But the biggest fear I've experienced, and am STILL experiencing, is of the ever-ticking clock that makes me feel like my time is running out. WHEN will this book be done? WHEN will I see it in print? WHEN will people be able to read it? WHEN will I finally be successful? 

I've always known -- honestly, from birth, it feels like -- that I would be a writer. I gained experience with my playwriting from a very early age and was lucky and privileged enough to see every show I've written make it to the stage. I didn't switch to writing fiction until graduate school, but early on in my life I knew I always wanted to write books. And, being the idealistic little ingenue that I was, I had a timeline in my head already figured out. I thought for certain by my late twenties I'd be published; whether it was a play or a book, one of those things would be in print.

Ha. Ha. Haaaaaaaaaa. 

Graduate school was a wake up call, and that adjusted the timeline. Graduate school showed me that I had no idea what I was doing when it came to writing fiction, and I was basically learning the same time I was pumping out a book. But then, after grad school, I thought for certain I'd see my thesis in print before age 35. I started querying agents immediately after graduating, and the rejections rolled in...and based on feedback from an agent I started rewriting my thesis, and then later had an epiphany about the cultural appropriation in the book (which was unintended, but as we know, good intentions mean nothing when you're causing harm). I decided to rewrite the book from the ground up, and while working on Son of the Siren, I just decided to give up on the book altogether. I don't know how long I'll stick with this idea, but for now, everything with The Name and the Key is shelved. 

Now I'm looking at the timeline with Son of the Siren. It took me one year to write 100 pages. Another year to write 100 more. My gut is telling me this book will be around 300 pages or so, and I'm panicking, going, "COME ON! Does that mean I'll still be writing this book another year from now?" My hair is standing on end. I'm itching to have the draft finished and working on rewrites (my most recent reading of the book definitely revealed to me that some chapters need redone). I want things finished yesterday. I want to be working with beta readers and getting editorial letters today. Tomorrow I want to be querying agents. But my fear and my emotions keep halting me, begging me to take a breather.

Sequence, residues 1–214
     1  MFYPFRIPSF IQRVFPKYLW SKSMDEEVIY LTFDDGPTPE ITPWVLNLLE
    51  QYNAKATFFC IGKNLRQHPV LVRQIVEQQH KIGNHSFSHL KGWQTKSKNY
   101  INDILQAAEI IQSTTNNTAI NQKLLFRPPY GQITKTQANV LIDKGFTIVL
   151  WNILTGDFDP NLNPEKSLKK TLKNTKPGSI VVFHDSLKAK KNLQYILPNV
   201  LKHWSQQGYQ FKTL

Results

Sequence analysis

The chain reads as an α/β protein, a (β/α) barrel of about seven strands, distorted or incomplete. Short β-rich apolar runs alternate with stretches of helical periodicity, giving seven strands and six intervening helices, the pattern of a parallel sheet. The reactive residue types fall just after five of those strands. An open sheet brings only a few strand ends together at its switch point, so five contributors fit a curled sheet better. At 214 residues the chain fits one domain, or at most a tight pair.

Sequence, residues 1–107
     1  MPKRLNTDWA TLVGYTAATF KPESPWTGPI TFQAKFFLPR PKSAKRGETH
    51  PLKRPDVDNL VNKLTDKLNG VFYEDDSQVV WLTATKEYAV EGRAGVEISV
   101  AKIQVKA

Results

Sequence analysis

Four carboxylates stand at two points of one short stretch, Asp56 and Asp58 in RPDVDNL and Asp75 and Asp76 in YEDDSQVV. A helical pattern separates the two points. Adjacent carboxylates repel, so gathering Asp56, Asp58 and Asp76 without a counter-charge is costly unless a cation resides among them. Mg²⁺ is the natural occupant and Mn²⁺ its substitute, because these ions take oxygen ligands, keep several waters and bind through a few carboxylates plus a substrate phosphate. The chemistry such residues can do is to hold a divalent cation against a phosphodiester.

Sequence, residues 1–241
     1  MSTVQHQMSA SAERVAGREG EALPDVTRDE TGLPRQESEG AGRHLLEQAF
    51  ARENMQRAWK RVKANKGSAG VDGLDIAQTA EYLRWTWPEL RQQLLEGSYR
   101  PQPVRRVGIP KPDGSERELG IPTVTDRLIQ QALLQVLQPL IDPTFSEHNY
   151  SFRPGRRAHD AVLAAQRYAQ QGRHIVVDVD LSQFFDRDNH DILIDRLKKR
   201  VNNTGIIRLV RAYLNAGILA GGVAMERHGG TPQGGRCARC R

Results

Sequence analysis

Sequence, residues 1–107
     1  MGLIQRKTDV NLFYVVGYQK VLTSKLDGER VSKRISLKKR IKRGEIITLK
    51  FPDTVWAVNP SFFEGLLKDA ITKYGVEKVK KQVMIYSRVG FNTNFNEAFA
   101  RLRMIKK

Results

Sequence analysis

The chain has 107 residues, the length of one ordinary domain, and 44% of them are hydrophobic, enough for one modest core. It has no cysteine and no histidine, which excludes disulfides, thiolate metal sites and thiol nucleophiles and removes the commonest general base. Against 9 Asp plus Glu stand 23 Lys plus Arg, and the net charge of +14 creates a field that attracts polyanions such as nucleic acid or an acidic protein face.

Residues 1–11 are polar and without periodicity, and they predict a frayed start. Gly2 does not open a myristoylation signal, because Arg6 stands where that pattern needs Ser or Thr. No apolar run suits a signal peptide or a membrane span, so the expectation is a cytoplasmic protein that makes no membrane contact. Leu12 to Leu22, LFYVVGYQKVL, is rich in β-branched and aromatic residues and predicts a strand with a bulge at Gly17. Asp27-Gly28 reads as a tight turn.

Yet all I hear in the back of my mind is tick...tick...tick...

It's hitting me that I might not realistically see any success for myself until I'm in my forties. Maybe even fifties. 

This really bothers me for some reason, and it shouldn't. 

It's not so much the age number itself that gets to me. I don't think people are old in their 40s or 50s.  It's more like, "I'm 37 years old, soon to be 38, and if I don't get published until I'm 50, that means I've got 12 more years of struggles ahead of me."  

Readers, I just don't want to struggle anymore.  

...I don't want to end this post on something so negative. Let me pull some things I found from social media (both originally from Twitter, reshared on Facebook) that speak to how I'm feeling right now. 

The two key takeaways from these:

  • "The only thing that art asks of you is to do it." 
  • "The thing you love doesn't care." 

My ticking clock is telling me that I've got to be working all the time, but right now my emotions and my fear is telling me to take a break. 

What would happen if I stop doing art for a little while? While author C.L. Polk says that art is asking to be done, the main point is that there is no timeline for doing so. 

What would happen if I stop doing art for a little while? The Swamp Witch says nothing, what I love will still be there. 

If it takes another year for me to write another 100 pages? What's the worst that could happen? Nothing. Because I WROTE 100 PAGES. 

I've long felt guilt for not writing every single day as countless authors say you must do. Now I'm considering taking a bit of a break from Son of the Siren just to get my headspace in working order, and I'm feeling guilt about considering it, because OH MY GOD IF I DO NOTHING, NOTHING WILL HAPPEN!

But nothing will happen to the book while I sit there and not touch it. The book will still be there, and that's what's important: I have a book. A book exists. It will still exist whether I work on it today or tomorrow or a month from now or a year from now. 

While I can't shut the ticking clock up, I can try to come to terms with it. It's difficult for me, but I hope that I can continue to reexamine my relationship with time and my writing, and realize that neither are working against me. 

23 May 2021

I hit 200 pages of the novel!

Photo by NeONBRAND on Unsplash

This took a really long time, with many starts and stops, but I finally broke 200 pages of writing the book.